Also, if you’ve ever noticed on your receipt, Barnes recommends titles to you based on purchases. But do they offer these books at a discounted rate personally for you for a number of days, say 20% off if you purchase within the next 30 days? Well, they should.
3. Let’s Get Interactive! As Bary notes in the article linked above, a number of B&N stores already offer book clubs, but not all of them, and only certain titles. The Barnes in Manassas, VA also offers Bingo nights. But I highly doubt all stores do. And why not?
I LOVE to read (Duh, right?), and I would LOVE to interact with others based on books. But I’m an extreme introvert, so finding or even starting a book club is not a venture I can, or am even willing, to try. And I certainly can’t be the only one who feels this way. But if there’s one at my local bookstore, I would definitely want to check it out. It’d be a great way for adults to interact. Or even a book club for teens/college students might help inspire friendships for kids like me who had a hard time making friends. And now that I have young children, I would be delighted to take them to a store reading for a children’s book where they’d get to see other kids and enjoy a fun night out.
And that’s the essence of point 3. To me, books are fun. Entertaining. So why shouldn’t bookstores be the same way, full of energy and entertainment opportunities? Again, I’m not knocking the ones that already do this: I’m just saying there are certainly opportunities to expand upon this. Which, again, leads back to my earlier statement: what are your successful stores currently doing that separates them from the pact?
4. Create an App Worth Downloading. A quick search on my phone at the App Store shows me that Barnes and Noble currently has several apps, but none seemed particularly appealing. And why is that?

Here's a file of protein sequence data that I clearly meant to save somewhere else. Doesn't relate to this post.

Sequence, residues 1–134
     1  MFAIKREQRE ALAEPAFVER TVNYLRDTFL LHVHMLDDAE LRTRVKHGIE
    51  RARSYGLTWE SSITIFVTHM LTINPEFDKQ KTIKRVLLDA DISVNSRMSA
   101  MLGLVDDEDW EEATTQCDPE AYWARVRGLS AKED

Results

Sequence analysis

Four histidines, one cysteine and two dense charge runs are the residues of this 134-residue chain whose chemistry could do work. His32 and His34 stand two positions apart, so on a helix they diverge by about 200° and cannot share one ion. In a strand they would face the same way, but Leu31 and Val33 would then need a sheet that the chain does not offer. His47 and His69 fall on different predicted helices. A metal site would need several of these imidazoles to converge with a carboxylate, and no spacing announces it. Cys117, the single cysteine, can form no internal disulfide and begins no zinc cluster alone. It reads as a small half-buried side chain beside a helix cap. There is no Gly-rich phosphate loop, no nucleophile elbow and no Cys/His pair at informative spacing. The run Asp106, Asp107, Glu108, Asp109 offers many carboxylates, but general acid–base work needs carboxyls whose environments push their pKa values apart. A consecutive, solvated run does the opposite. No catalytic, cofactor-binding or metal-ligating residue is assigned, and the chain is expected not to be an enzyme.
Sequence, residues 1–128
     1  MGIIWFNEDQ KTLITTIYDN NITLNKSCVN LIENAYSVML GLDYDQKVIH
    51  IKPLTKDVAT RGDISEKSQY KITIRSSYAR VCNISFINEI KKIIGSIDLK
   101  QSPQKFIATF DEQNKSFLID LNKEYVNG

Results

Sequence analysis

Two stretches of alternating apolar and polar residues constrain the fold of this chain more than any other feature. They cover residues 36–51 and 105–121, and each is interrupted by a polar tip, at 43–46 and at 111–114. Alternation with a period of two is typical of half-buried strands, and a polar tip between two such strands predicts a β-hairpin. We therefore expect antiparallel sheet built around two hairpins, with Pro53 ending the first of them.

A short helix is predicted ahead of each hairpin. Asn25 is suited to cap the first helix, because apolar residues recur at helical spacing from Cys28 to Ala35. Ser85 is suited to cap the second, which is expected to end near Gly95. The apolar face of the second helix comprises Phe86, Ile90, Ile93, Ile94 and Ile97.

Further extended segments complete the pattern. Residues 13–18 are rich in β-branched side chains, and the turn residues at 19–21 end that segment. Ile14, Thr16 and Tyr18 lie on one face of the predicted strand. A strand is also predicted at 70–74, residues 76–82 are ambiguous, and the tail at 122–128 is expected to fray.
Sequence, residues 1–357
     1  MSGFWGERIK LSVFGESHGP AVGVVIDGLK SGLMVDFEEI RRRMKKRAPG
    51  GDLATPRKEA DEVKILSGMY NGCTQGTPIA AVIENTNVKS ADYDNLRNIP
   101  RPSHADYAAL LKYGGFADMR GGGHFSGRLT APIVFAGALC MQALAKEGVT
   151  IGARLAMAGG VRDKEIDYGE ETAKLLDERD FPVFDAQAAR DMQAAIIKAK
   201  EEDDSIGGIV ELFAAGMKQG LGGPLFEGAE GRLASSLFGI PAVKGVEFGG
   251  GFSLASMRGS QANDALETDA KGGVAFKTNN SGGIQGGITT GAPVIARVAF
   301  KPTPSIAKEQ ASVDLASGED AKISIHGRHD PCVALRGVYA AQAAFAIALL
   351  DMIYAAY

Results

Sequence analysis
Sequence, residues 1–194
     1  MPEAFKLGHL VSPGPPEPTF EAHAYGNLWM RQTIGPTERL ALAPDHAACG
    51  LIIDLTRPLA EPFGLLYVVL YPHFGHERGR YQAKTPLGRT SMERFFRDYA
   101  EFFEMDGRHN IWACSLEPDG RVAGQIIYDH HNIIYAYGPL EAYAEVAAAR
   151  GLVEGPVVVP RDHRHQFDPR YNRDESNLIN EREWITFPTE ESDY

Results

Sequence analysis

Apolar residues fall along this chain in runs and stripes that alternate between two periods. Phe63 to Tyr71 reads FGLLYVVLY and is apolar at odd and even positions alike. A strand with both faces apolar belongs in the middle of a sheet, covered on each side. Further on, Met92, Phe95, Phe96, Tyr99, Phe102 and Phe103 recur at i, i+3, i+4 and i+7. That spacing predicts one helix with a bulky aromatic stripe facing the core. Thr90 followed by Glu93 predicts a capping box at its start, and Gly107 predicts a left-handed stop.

McDonald’s has daily deals on their app. Target has coupons on their app that you can download. Does Barnes and Noble have enticing deals on their app? Doesn’t look like it. And why not? Here are a couple of things I’d like to see:
- Daily, or even Weekly deals. “Buy One, get one 25% off.” “Buy this book, 40% off this week only.” “Buy a book, and get a free coffee.”
- Pathway to Awesome Deals. I’m picturing a Candy-Land-Style board with certain “benchmarks” you have to hit (eg: Benchmark 1: Buy a book, then you move to Benchmark 2, etc) and at the end of the path when you hit the final benchmark, you get some awesome reward! Games could be quarterly so customers would have three months to reach the end of the path Wouldn’t that be fun??
- Piggybacking on the above point, what about a Scavenger Hunt? Create Weekly Clues that customers need to unlock (ie. What is the first word on Page 132 of Harry Potter and the Sorcerer’s Stone?). Once customer’s correctly guess the clue, a barcode unlocks that has to be scanned by a B&N employee (thus ensuring customers have to come to the store to do it), and then the next clue is revealed. After so many clues unlock, another handsome reward is waiting our faithful players.